A brief history of BIM


July 16, 2015

No matter what the spin might be from on-high, the industry has now rolled up its sleeves and got stuck into some of the most intriguing attempts at improving itself ever seen.

The Government started the initiative by proclaiming its need for better information to make more informed decisions on behalf of us, the tax payer. It set out to do this via its own procurement programmes. All credit for doing this.

In the event, the power and more significant momentum for change is actually coming from grassroots SMEs and organisations of many sizes and shapes throughout the UK. The penny has dropped that BIM is not a procurement instrument imposed by Government, but that it simply represents good practice that can, if implemented properly, be of benefit to all involved in creating and using the built environment.

The crux is, 'if implemented properly'. There are many healthy discussions going on, for example about how processes might change, how a different legal landscape would promote a more co-operative atmosphere in projects, how a more holistic cradle-to-cradle financial model yield could more long-term benefit. In addition, we witness the inevitable march of technology, which will hopefully become less and less siloed as time goes by.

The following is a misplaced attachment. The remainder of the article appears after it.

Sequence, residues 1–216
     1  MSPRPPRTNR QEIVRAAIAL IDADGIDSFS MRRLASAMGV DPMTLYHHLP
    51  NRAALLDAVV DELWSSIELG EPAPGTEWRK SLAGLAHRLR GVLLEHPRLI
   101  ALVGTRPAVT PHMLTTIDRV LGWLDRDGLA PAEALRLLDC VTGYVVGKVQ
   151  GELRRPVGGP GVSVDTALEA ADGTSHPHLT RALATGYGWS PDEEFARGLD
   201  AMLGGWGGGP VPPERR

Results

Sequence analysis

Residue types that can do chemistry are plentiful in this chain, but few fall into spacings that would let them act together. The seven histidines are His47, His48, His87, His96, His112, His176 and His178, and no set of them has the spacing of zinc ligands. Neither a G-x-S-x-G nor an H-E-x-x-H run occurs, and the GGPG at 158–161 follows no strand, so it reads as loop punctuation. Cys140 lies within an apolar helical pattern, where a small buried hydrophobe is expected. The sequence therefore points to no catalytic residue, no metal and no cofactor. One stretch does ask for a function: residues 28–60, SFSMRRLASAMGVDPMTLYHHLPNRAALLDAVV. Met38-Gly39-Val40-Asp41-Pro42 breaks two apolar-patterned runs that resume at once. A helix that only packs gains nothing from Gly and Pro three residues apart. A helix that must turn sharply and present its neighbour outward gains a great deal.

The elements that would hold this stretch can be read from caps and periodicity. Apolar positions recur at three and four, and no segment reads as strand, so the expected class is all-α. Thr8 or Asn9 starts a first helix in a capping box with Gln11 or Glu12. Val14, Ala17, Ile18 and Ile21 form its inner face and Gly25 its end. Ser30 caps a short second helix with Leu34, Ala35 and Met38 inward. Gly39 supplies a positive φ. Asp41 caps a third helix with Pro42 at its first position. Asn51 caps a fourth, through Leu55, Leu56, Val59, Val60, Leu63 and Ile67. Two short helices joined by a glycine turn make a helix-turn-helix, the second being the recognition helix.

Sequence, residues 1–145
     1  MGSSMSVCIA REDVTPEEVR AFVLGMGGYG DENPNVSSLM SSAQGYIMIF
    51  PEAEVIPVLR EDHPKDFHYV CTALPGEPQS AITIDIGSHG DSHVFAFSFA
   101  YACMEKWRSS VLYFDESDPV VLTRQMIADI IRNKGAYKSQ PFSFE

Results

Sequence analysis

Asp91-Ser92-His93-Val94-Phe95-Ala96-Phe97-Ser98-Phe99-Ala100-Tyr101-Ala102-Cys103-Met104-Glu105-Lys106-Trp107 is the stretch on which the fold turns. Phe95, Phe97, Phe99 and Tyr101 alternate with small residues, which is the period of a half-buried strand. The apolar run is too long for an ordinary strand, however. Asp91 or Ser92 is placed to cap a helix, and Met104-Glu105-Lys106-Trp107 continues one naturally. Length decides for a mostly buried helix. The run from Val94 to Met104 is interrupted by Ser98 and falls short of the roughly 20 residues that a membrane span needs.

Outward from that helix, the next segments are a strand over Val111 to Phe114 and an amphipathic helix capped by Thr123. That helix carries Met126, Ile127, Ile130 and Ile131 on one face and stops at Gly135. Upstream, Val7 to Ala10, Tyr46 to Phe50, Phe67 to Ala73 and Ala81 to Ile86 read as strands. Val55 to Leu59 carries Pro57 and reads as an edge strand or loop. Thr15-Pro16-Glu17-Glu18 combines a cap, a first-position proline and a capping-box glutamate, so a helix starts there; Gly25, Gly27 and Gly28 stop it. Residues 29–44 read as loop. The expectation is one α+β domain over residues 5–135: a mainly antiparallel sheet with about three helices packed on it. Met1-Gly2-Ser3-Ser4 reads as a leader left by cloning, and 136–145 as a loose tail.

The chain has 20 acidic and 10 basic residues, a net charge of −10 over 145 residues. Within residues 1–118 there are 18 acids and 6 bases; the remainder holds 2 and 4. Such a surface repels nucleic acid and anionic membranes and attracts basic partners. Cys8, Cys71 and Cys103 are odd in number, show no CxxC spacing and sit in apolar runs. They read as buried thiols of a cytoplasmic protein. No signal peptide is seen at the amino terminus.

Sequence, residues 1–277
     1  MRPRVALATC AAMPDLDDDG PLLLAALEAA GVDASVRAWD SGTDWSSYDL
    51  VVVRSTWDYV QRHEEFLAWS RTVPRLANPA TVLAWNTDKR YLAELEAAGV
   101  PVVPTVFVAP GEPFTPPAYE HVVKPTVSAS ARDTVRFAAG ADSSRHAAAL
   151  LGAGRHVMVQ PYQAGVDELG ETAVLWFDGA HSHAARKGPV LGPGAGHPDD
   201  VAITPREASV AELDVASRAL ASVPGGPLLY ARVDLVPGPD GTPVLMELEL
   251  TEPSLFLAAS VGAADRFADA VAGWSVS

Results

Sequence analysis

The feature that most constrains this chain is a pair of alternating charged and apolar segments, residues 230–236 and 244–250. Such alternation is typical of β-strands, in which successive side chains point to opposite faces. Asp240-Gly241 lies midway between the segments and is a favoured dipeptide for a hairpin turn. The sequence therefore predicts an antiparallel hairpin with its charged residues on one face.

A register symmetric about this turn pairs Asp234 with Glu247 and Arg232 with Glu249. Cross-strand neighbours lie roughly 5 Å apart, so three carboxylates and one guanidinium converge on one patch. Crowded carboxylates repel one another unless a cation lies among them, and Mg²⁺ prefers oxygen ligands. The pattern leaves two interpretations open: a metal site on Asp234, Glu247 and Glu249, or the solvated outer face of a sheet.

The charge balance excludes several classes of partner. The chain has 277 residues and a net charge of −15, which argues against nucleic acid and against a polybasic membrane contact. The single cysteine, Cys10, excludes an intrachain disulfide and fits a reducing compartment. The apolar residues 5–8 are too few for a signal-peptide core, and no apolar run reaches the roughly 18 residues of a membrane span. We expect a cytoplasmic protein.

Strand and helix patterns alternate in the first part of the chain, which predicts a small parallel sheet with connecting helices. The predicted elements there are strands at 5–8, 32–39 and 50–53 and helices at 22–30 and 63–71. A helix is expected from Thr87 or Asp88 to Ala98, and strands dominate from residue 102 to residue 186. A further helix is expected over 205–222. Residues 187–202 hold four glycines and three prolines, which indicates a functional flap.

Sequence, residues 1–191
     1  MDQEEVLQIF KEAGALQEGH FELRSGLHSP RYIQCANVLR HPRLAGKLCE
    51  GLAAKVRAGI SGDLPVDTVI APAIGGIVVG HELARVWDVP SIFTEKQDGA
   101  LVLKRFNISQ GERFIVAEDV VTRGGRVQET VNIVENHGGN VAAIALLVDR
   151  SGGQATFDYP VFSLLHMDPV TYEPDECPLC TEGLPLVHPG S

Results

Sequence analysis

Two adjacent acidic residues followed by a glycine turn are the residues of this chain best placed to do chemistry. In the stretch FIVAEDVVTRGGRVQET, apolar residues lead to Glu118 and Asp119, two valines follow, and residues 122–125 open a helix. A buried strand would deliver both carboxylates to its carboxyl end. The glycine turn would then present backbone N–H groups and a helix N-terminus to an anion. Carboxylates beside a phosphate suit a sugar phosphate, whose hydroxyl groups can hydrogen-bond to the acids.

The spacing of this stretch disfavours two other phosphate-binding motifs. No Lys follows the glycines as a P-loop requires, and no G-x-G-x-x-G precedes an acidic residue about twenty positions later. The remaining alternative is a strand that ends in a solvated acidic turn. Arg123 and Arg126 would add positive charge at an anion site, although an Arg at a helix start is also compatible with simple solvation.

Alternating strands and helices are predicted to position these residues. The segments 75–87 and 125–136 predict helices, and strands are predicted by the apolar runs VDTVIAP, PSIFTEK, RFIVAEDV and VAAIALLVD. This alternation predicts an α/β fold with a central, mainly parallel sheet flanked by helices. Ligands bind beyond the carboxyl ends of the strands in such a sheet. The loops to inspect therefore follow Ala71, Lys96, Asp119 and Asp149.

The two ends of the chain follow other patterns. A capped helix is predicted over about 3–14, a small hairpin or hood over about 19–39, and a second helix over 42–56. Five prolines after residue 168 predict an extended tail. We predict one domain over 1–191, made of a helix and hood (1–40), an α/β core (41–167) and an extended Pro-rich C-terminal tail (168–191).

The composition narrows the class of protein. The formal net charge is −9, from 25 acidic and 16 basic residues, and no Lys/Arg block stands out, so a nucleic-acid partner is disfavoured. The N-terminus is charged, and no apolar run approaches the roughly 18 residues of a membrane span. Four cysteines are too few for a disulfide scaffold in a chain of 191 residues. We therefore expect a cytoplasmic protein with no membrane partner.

Education at all levels tends to drag its feet still. There are some exceptions where younger academic establishments have stolen a march on the more bureaucratic and long established educational bodies. A reworked, integrated pedagogic model that reflects the interrelated nature of making interventions in the built environment may take some time to materialise.

Perhaps the most important point to draw from the position we have now reached is the encouragingly positive and enquiring tone that these discussions take. There is an acknowledgement that there is a better way out there somewhere and that nobody has all the answers but, by crikey, a significant cross-section of the industry is trying hard to find them. It will take time for some of the old cynical values to decline, but groups such as the BIM2050 group and the sustained activity by the BIM hubs are shining beacons of what might be achieved in implementing more collaborative and integrated BIM working in future.

The future looks intriguing: perhaps the conversion of social media into commercial media might add a different dimension to the way we operate. Certainly, as the construction industry embraces more and more virtual technology, all the preparatory work that is being done under the BIM banner will prove invaluable in creating a different construction world.

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